The further plunge in global equity markets that has marked the beginning of this new trading week has understandably helped to prop up certain assets that are considered safer alternatives to volatile stocks. These “safe haven” instruments include the Japanese yen and gold.
In the case of gold, this persistent volatility in equities has been joined by a recent drop in the value of the US dollar along with lowered expectations of further Fed rate hikes this year, all of which have helped to prop up the price of gold. This price movement is partly due to the fact that gold is denominated in US dollars, so an inverse correlation exists between the precious metal and the dollar. Additionally, if interest rates do not continue to rise in the US, there will be less of a reason for investors to abandon gold, which is a non-interest-paying asset.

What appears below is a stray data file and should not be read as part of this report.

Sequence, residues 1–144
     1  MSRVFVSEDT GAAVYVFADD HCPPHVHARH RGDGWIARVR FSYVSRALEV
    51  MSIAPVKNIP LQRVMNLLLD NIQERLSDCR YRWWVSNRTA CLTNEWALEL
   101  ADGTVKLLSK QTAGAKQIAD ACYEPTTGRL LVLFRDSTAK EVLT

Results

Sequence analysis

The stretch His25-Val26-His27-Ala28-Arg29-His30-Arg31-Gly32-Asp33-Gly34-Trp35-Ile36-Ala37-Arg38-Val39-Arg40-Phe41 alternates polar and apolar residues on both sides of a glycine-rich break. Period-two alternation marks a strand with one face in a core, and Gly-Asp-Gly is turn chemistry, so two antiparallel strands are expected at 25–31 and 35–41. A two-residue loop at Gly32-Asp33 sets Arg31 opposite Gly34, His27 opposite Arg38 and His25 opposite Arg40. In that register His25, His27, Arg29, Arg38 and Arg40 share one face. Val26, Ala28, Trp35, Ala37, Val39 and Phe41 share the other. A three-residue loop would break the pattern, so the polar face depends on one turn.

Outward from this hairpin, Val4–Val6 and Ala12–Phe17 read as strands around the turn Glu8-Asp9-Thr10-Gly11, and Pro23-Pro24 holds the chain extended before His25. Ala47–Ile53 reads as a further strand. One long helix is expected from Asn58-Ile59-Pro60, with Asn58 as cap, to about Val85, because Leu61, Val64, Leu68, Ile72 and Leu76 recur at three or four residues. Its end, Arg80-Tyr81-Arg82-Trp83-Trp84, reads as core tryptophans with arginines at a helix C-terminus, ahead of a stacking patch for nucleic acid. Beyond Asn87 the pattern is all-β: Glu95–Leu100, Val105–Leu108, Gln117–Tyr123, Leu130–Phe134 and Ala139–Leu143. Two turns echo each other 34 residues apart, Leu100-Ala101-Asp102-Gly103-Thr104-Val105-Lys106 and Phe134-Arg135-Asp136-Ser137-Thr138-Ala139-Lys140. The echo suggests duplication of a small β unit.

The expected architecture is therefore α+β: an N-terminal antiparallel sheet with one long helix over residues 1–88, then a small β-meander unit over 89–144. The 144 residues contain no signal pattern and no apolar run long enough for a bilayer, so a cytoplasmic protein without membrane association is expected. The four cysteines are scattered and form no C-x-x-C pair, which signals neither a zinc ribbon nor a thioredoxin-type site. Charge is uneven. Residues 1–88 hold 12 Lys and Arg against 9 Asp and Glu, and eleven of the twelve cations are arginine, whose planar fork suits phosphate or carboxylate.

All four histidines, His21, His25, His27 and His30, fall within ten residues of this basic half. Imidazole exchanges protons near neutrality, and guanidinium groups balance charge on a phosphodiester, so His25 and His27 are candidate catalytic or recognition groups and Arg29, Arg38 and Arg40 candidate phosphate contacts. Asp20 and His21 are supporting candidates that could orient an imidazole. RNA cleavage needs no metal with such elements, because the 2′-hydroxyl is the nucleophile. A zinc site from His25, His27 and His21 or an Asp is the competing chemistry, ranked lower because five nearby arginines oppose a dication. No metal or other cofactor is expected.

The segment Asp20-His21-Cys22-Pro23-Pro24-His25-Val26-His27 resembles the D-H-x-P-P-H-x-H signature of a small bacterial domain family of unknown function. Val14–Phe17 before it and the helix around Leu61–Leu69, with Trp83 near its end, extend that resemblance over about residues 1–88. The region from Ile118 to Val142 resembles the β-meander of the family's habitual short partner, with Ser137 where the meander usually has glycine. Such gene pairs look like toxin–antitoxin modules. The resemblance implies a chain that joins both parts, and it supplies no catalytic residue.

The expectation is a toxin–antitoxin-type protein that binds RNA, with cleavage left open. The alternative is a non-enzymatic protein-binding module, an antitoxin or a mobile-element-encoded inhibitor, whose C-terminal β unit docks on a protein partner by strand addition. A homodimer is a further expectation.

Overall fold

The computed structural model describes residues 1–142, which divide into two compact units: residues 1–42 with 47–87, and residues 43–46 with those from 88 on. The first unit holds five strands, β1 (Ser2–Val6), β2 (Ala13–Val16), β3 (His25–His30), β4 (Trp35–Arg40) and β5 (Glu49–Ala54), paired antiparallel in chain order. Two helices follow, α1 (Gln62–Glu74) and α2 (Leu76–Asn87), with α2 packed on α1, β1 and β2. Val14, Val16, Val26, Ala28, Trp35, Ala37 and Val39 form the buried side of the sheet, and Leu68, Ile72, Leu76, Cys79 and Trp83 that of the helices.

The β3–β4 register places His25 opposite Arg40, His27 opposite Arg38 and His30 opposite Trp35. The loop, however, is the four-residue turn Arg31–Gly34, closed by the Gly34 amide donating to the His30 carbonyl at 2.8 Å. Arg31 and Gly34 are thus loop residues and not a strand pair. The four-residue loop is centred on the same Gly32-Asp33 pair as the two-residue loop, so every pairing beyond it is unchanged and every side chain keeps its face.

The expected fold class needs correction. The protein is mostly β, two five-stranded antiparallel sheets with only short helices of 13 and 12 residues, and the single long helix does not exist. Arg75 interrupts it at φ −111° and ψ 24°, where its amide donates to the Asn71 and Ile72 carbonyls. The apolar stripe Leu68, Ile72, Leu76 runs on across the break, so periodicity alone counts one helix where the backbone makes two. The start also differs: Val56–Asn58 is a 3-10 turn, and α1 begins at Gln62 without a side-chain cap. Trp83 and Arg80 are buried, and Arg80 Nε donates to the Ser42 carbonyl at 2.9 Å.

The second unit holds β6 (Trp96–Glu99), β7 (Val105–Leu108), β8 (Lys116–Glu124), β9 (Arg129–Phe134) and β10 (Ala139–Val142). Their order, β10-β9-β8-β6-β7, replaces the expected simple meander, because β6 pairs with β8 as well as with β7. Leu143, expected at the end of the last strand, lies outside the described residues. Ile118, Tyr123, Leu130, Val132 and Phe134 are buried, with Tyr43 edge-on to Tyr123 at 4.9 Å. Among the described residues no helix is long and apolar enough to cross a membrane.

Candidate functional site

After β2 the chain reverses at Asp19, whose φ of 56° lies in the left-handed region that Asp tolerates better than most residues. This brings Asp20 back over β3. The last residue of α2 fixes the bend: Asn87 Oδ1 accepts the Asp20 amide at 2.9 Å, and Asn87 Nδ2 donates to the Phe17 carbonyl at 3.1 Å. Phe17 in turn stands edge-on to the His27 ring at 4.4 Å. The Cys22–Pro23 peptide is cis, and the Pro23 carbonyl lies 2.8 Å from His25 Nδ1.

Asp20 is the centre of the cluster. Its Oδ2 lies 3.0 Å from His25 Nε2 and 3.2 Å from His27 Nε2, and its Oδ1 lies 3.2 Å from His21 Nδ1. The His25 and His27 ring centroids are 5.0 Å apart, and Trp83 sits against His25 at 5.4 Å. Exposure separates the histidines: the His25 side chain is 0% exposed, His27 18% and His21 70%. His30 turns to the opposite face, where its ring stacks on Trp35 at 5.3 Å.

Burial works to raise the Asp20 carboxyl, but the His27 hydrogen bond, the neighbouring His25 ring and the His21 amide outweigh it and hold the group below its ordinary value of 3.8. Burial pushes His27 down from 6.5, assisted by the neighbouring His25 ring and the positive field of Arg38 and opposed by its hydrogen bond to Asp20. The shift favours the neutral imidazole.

From a technical perspective, the price of gold for the past three months has formed a rounded bottoming pattern with its lowest points just under the key $1050 support area. After those lows were reached in December, gold has risen rather erratically, but began to accelerate in a sharp incline in late January.
Since then, price action has climbed above several key resistance levels and factors, including the $1100 level, the 200-day moving average, the $1140 level, and most recently, $1170. Monday has seen a further rise to re-test and then tentatively break out above the resistance imposed by October’s $1191-area peak, resulting in a new seven-month high.
Technically, this breakout is highly significant and underscores the strong bullish momentum that is currently driving the price of gold. With continued stock market volatility along with dollar weakness due to low rate hike expectations, the next major upside target for gold currently resides around the $1225-1230 resistance area, last reached in May of 2015. Above that, on any further upside momentum, is the major $1250 resistance objective.